Let me be more explicit: There is nothing that malware can do today that can't be done without privileged access. I'm not talking about the way they can modify the system, but the intended result of the modification. Malicious hackers may not be able to modify System32 or sbin, but they can still intercept your identity and steal all your money, without modifying your operating system or (in the case of memory-resident-only malware) a single file.
Just to be clear: Not having admin or root access does limit the possibilities for malware writers. They can't take their pick of all the current low-hanging fruit, but there are still plenty of ways to hack a user's computer without privileged access, and that's the pity. For years and years, we've been saying that users need nonprivileged accounts to do most of their work. We say this as if it is the Holy Grail of computer security -- as if it will end all malware as we know it today. But ultimately, this one change won't amount to a hill of beans. Malware writers will learn what it takes to do all the things they need to do without requiring admin access. They have many malware programs they can study today, and certainly, they will develop many new methods in the future.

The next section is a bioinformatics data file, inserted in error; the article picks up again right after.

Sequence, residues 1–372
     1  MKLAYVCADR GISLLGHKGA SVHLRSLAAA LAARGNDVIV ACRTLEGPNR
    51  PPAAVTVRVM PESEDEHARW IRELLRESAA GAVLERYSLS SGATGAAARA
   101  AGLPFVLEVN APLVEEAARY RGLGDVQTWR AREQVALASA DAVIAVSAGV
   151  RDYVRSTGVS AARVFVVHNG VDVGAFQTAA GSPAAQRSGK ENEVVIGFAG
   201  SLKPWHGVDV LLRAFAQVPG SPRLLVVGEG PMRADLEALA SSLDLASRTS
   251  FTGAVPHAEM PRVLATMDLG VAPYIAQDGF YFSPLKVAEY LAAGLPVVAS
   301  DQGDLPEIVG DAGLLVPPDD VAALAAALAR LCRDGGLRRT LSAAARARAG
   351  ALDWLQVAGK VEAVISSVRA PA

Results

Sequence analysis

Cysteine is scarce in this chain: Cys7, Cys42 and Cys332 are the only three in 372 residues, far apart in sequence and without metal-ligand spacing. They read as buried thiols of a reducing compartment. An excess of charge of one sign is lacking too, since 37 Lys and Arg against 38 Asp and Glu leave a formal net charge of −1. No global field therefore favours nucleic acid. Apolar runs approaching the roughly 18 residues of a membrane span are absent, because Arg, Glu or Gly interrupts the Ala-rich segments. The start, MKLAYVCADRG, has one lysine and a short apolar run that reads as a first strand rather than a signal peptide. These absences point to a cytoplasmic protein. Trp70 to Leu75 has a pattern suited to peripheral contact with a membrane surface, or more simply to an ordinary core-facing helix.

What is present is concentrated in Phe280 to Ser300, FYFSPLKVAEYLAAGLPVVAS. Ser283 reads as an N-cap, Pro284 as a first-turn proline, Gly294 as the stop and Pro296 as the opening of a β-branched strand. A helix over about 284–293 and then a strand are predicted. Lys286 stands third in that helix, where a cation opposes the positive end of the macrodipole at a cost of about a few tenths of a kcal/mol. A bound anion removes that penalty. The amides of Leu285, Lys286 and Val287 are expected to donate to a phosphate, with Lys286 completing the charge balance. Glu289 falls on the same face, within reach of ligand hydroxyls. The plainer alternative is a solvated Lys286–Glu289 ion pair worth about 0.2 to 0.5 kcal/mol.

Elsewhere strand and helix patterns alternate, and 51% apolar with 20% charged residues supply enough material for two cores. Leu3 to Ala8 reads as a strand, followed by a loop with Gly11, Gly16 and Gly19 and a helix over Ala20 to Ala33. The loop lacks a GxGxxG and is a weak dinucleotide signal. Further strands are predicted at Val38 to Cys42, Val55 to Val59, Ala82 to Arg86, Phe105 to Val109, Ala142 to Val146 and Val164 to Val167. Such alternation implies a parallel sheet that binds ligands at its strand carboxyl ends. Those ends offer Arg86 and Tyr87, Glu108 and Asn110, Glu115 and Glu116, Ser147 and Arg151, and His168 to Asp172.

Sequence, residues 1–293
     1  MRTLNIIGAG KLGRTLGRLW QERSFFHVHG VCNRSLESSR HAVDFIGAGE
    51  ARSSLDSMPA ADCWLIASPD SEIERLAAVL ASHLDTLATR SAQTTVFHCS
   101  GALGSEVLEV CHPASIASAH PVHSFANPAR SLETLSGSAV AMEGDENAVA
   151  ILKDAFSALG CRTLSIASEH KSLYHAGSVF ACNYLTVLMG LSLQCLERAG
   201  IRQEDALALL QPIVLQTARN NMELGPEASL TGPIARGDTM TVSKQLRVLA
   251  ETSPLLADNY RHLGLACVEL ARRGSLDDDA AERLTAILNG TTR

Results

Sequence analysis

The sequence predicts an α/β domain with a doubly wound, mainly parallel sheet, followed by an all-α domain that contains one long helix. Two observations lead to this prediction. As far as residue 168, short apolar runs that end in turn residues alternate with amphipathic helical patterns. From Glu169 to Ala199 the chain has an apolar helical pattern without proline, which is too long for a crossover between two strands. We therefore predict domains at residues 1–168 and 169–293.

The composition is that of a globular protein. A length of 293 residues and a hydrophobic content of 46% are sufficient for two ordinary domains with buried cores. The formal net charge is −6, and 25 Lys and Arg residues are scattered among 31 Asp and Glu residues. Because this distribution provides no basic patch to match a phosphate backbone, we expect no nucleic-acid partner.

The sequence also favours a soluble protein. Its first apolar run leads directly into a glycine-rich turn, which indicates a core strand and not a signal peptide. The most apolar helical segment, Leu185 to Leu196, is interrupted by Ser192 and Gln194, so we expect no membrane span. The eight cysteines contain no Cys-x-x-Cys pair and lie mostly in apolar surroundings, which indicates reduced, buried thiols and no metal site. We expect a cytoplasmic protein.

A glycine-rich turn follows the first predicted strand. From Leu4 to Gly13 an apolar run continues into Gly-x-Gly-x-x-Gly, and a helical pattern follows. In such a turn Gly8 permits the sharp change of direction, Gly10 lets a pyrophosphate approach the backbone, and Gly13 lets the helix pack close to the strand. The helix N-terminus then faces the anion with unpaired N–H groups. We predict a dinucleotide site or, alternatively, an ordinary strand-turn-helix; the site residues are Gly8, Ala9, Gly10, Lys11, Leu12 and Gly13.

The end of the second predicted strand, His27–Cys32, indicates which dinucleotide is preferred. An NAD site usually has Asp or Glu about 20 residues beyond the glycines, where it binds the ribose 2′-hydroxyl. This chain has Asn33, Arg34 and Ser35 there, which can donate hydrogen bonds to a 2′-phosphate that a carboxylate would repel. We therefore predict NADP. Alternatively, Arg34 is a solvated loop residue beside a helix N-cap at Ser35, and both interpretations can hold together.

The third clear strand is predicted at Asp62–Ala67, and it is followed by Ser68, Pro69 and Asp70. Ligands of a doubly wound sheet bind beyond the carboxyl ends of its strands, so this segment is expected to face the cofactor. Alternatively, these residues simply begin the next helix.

Stopping malware isn't as easy as not being logged in as a nonadmin. For a real, long-term solution, see next week's column.